The path to obtaining ethanol from plastic waste is depicted in Figure 1B. Somoza-Tornos et al. (2020) presented a detailed techno-economic and life cycle assessment of an 18.9 t/h polyethylene (PE) waste pyrolysis plant with high purity (99.5%) and ethylene yield of 46%. The gas mixture leaving the furnace is subsequently separated into its compounds through heat integrated cryogenic distillation. Ethanol can then be obtained from ethylene through hydration. Ethanol obtained from this route is referred to from here on as Plastic Waste Pyrolysis Ethanol (WPE).
Traditionally, ethanol is obtained from biomass (i.e., bioethanol). A variety of feedstock can be used for that purpose: for instance, while sugarcane is widely employed in Brazil, the main feedstock for bioethanol in the United States is corn. Obtaining ethanol from these feedstock follows in principle the same steps: pretreatment (milling), fermentation, and distillation (Canilha et al., 2012). As a renewable resource, bioethanol contributes to sustainability in the transportation sector. However, the main controversies surrounding bioethanol are associated with its land usage and competition with the food sector. Additionally, in many cases, its cost exceeds those of fossil-based fuel.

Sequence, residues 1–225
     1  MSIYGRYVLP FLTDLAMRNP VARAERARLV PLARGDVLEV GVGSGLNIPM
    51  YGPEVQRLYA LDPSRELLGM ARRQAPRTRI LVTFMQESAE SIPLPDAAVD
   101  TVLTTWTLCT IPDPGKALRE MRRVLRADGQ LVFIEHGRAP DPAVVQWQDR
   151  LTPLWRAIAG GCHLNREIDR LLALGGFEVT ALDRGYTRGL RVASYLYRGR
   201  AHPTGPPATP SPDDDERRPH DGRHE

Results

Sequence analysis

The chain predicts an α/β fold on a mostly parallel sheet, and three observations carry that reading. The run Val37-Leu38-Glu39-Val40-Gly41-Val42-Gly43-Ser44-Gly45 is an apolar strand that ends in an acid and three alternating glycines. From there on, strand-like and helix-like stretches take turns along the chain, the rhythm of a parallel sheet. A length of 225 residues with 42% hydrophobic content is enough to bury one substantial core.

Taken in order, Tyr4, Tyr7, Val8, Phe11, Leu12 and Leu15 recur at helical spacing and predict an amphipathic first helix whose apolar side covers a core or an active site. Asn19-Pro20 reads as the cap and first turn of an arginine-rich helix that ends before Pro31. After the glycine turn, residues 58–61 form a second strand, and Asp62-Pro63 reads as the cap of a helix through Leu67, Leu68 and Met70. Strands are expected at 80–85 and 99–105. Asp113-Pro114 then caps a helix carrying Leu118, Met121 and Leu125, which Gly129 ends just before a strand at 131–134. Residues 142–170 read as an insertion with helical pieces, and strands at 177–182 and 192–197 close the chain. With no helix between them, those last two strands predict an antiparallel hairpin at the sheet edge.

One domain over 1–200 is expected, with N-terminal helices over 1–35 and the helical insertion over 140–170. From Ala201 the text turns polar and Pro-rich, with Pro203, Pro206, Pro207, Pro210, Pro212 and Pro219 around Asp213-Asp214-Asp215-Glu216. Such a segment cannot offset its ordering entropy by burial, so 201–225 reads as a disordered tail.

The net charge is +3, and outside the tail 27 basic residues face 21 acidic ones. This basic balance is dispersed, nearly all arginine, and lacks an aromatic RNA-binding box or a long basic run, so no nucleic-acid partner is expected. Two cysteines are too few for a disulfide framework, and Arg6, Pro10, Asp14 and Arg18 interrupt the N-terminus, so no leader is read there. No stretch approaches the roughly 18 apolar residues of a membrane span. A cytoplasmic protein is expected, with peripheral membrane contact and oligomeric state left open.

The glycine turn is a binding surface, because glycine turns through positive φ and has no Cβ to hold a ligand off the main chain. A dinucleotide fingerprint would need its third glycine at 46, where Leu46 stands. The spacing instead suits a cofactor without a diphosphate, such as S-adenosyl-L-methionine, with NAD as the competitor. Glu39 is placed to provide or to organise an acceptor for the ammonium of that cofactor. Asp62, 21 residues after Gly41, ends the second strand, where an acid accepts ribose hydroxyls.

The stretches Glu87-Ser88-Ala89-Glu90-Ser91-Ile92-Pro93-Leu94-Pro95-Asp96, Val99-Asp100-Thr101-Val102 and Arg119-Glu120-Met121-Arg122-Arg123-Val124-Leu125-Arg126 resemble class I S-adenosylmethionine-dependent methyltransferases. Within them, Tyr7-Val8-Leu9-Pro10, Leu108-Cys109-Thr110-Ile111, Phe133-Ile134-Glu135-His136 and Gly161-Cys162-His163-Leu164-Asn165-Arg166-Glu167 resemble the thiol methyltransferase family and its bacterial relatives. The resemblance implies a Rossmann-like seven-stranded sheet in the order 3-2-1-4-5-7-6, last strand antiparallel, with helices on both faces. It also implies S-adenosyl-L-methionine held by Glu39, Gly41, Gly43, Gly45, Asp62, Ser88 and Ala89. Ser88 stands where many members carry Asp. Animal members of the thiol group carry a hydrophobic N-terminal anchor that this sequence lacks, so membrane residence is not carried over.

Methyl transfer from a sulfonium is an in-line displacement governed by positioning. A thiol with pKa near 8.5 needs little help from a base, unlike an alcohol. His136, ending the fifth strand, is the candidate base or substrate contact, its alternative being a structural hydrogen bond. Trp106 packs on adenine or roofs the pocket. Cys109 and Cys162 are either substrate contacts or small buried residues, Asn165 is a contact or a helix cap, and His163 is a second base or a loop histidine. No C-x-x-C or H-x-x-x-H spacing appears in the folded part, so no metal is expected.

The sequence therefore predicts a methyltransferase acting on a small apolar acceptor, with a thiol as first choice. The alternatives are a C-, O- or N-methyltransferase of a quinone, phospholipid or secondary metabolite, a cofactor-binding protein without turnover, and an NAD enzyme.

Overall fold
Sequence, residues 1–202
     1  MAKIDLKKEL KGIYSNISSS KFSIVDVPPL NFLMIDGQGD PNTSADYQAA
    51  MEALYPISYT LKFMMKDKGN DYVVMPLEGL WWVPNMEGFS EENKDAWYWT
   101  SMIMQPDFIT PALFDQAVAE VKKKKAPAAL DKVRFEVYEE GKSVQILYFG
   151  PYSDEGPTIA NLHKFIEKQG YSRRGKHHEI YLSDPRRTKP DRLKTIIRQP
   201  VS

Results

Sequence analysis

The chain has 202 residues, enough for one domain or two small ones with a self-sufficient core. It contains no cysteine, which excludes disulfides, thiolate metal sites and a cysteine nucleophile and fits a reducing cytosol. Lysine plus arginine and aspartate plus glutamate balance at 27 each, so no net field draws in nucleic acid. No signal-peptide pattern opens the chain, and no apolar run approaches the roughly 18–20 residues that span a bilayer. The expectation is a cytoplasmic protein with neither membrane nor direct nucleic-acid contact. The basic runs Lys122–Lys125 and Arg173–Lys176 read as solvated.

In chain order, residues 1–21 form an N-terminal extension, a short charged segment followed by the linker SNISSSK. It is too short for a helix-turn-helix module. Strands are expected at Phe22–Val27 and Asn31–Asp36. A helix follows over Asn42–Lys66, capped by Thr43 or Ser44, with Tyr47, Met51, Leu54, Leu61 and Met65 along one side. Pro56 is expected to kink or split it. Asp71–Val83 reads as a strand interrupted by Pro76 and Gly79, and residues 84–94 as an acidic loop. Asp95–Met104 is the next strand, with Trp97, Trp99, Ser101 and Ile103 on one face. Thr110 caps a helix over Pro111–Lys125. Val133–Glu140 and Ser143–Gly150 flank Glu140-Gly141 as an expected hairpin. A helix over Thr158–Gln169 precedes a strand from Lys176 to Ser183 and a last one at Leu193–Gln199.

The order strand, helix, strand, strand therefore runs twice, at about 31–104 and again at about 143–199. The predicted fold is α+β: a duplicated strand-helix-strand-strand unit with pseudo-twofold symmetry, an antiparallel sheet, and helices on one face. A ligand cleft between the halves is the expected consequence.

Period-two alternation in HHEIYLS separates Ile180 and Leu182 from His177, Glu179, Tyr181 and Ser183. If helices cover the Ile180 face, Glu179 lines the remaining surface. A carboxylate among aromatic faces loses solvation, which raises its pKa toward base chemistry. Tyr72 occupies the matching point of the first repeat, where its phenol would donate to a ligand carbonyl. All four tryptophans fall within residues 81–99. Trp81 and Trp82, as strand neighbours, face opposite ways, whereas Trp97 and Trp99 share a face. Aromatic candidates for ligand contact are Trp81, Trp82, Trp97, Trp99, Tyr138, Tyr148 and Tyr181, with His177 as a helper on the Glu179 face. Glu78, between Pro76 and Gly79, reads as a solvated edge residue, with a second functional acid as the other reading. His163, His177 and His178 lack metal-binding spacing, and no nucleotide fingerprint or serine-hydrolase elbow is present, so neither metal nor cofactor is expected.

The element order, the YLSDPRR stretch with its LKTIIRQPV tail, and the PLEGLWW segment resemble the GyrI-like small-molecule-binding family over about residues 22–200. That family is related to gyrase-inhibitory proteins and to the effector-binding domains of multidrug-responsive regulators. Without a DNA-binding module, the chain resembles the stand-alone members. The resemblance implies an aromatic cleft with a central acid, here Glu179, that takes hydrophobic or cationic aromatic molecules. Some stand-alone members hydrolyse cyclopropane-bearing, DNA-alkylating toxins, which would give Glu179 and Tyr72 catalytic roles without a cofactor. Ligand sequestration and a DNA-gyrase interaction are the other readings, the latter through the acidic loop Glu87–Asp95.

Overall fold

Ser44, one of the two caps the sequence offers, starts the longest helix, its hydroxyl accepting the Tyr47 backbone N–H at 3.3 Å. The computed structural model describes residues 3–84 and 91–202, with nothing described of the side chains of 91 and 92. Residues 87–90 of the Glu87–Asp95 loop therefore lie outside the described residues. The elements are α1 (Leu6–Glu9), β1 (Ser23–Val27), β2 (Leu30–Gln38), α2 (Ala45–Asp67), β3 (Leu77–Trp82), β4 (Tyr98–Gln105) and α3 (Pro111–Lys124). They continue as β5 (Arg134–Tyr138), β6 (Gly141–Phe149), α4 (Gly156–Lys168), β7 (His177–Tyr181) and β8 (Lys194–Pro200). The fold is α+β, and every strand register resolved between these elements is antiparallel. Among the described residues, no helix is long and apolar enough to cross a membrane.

The business as usual pathways considered in this study are fossil-based fuels sourced from crude oil. The assessed costs and impacts cover the extraction and refining processes based in Europe.
Biofuels can be obtained from a variety of raw materials that are grouped as first-, second-, and third-generation. The pathways selected in this study are the first-generation fuels that are obtained from generally edible biomass. They were chosen because of their high maturity and easy to gather, reliable data for comparison. The biodiesel pathway studied herein covers acquisition and processing based on the mixture of raw materials employed in Europe, that is dominated by rapeseed (European Commission, 2020). For bioethanol also, the European mixture is studied, which mostly consists of maize, wheat, and sugar beet (European Commission, 2020).